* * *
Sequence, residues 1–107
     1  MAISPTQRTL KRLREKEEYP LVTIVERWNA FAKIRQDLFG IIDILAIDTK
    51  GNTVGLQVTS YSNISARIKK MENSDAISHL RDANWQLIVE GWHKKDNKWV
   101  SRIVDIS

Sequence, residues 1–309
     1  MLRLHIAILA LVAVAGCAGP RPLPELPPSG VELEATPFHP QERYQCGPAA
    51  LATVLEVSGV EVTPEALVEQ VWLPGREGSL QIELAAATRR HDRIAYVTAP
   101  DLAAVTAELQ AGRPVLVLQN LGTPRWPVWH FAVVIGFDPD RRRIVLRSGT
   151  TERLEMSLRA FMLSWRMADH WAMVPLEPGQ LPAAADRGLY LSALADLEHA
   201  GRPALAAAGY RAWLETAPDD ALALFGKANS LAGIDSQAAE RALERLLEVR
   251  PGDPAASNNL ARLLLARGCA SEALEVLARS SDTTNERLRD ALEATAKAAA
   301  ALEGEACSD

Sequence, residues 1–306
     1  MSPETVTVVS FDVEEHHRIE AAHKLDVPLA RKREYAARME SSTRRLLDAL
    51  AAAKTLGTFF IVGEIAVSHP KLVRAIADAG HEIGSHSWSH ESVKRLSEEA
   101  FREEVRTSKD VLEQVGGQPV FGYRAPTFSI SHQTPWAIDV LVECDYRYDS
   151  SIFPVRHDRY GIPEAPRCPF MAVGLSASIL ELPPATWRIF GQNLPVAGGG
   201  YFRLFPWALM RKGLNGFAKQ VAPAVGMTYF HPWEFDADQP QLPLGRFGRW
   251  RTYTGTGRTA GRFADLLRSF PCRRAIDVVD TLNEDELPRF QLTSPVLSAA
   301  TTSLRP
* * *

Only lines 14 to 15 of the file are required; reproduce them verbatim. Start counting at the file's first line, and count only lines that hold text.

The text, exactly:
     1  MSPETVTVVS FDVEEHHRIE AAHKLDVPLA RKREYAARME SSTRRLLDAL
    51  AAAKTLGTFF IVGEIAVSHP KLVRAIADAG HEIGSHSWSH ESVKRLSEEA